Okay, I'll save the trip by going to Ikea. I still need a shelf.  Just follow the signs to Vitrolle. Except there are no signs to Vitrolle. I tried to take a short cut, which after driving down two streets the wrong way (more gestures and horn honking) and spilling my water all over my lap because there are no cup holders, I arrived in...Aix en Provence. Where we do not have an Ikea. Double Merde! Not to have the entire trip go completely down the drain, I headed back south to Ikea. And I did find the shelf that they've been out of for 9 months. I did! And I did have my parking place when I returned. I did not have a bottle of wine at the house when I got home! C'est pas vrai! C'est pas possible! 



  1. Trip aborted. What a grand adventure, even if you didn't get anywhere.

  2. Your description of the stores closing before time brought back one of my major frustrations with French shopping....catching the stores open!
    Because of the flaming lunch break and the price of petrol I used to group my errands as much as infuriating to find that after supermarket A, shop B in the same complex did not open until an hour later...and not even then on shop B off the list as by now depot C was off schedule....and so it went on.
    I too have had doors closed in my face...sometimes by staff running to do so as I loomed in the entrance...but the best (worst?) was at an antiques shop cum depot.
    It had nice far from nice prices...but some gems did turn up and we had seen a set of panelling we wanted and a mirror.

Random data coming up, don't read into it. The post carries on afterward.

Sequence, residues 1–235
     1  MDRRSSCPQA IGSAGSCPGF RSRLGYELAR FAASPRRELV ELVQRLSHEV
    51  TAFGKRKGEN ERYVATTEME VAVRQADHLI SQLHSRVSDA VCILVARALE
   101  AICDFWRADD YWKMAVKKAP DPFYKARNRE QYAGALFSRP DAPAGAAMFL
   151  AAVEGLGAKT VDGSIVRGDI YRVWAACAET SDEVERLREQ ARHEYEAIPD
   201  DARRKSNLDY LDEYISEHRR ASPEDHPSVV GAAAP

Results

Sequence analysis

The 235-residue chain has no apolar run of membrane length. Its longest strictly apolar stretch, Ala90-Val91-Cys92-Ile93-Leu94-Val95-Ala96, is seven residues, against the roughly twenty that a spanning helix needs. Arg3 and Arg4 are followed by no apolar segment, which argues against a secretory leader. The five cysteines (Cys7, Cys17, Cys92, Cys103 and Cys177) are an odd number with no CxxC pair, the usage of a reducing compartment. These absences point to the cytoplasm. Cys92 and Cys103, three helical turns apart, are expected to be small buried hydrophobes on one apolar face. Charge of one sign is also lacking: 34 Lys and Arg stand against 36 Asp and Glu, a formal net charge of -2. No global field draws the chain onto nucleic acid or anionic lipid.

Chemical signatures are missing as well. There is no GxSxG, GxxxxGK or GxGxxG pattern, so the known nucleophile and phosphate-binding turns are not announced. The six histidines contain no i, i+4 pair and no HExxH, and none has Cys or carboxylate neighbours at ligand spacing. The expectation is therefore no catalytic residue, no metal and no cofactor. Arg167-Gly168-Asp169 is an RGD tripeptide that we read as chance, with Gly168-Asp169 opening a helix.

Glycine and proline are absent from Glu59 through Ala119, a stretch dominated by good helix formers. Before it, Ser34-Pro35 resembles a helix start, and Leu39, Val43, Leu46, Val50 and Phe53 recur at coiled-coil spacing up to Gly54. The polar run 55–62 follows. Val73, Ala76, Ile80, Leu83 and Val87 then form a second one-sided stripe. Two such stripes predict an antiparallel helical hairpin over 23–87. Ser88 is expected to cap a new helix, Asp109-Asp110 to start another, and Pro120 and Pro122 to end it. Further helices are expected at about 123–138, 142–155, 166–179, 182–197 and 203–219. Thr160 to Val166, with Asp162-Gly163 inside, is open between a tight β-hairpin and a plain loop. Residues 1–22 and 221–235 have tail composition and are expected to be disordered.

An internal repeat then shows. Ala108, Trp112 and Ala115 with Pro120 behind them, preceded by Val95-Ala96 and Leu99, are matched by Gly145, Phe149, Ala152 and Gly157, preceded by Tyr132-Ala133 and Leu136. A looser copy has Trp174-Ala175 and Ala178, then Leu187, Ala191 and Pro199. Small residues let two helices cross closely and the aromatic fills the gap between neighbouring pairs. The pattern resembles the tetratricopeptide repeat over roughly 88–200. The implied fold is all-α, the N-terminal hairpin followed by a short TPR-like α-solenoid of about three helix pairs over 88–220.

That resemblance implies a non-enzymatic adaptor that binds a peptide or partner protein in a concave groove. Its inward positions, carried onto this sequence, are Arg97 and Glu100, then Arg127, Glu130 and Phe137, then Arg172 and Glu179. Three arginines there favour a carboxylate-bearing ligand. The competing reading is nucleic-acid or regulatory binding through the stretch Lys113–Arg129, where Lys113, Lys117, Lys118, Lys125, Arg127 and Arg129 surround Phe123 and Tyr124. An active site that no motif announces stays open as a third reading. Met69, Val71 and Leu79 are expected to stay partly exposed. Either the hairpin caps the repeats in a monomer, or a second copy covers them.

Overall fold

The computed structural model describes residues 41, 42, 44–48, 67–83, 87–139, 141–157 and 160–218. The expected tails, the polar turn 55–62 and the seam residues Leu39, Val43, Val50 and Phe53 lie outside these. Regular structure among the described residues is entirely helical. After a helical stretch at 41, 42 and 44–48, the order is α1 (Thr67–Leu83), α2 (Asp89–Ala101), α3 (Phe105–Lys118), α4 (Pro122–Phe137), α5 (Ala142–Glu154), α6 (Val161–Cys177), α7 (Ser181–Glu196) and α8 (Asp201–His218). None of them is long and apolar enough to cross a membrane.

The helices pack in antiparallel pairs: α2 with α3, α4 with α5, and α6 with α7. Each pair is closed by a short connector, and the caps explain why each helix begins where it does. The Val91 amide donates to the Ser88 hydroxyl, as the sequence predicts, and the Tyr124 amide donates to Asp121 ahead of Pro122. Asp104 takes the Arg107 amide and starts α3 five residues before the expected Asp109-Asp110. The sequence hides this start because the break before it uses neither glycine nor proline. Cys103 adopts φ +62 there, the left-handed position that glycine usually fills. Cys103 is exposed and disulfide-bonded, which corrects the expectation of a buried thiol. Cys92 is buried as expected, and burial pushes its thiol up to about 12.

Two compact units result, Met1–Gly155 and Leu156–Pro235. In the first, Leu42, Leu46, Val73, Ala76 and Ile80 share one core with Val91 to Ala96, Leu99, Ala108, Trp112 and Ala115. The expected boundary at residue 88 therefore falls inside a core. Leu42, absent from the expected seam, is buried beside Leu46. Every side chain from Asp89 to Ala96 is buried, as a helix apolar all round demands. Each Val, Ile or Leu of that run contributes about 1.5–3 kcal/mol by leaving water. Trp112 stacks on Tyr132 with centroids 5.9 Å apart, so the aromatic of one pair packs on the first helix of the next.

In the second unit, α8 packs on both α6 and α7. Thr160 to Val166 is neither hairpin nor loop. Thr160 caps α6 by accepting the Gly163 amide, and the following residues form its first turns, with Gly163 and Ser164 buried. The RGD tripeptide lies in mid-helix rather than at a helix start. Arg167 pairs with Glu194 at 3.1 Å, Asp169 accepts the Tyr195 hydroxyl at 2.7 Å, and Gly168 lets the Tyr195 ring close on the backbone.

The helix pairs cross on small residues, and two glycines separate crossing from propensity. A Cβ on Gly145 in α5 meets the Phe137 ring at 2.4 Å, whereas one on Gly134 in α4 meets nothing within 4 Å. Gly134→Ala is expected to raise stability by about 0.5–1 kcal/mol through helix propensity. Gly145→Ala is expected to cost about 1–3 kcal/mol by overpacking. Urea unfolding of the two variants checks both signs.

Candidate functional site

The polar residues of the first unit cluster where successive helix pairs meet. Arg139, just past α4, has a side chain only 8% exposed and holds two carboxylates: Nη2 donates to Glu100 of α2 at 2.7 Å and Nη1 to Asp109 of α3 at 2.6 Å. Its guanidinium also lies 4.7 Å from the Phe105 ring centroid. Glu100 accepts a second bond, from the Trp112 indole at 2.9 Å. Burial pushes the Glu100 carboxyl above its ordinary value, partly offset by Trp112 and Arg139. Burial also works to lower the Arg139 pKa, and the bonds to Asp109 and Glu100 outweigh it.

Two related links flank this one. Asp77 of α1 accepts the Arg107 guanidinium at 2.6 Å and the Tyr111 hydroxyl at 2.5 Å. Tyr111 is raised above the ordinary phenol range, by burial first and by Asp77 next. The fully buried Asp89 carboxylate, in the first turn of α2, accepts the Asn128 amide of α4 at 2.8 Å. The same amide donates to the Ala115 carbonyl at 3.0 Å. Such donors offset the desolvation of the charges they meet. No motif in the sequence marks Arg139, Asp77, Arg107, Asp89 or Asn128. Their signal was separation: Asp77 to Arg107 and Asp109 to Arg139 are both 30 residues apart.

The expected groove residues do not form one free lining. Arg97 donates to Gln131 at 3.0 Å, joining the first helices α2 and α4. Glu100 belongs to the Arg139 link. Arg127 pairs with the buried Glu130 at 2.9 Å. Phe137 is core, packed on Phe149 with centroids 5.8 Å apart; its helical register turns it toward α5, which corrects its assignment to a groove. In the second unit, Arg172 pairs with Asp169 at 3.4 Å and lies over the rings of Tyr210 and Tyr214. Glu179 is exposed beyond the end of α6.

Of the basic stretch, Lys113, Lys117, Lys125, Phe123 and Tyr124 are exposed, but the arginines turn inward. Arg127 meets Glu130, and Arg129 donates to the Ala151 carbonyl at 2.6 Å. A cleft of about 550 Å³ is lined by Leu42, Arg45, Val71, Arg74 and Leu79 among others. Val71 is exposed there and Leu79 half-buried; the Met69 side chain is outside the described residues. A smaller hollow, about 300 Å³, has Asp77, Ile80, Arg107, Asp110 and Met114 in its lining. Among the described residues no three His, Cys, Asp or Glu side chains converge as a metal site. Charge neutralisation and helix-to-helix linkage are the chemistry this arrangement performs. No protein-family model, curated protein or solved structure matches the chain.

Both expensive.
    We measured at home, rang them to agree the price and to say we would be back the next day in the late morning. We were held up in roadworks...the sort where they send you on a twenty mile detour into the countryside to avoid upsetting the maire by passing in front of his mother in law's door in the lane that would have been just a five minute detour.
    We arrived at ten minutes to twelve and as we pulled into the car park the assistant was pulling down the shutters.
    She looked through us as if we did not exist and continued her task.
    Now...was this the great God lunch break...or had they had a better offer for the panelling and mirror?

  3. What an incredibly frustrating day! Love the way opening hours are arbitrary.

    Good thing Ikea didn't let you down or there might have been meltdown!

    I just got back from Carrouf hoping to buy some more bamboo fencing at €9.90. There were no more. Found the same thing in another shop - €17.90! That's what I call a mark-up! I didn't buy.

  4. Well, all I can say is: You are a brave woman! I know, I know, you speak much better French than I do...but attempt this alone. I have no words! I am in awe!!!!

  5. Zut Alors! Sounds like me trying to find the science center in the middle of downtown St. Louis one long, hot, summer day with three little boys in the unairconditioned car. I could see it, I just couldn't GET to it! That trip was aborted and replaced with a trip to DQ!

    How frustrating, even ending up drenched for the lack of a cup holder. Some days, you just can't win.

    At least you scored the IKEA shelf. Whew.

  6. Commercial districts are ugly here, aren't they? They're like big aluminum boxes on the side of the road. UGLY.

  7. Awww...
    Your story reminded me of the book "Paris to the Moon", when the author goes shopping for Christmas lights and such in Paris :)

  8. I don;t venture forth much like you do. We have so much work to do here that I don't have the time, so I shop on the Internet! And yes! That does have a vague feel of me chickening out of experiences such as yours! But you tell a grand tale, and I loved accompanying you on your adventures.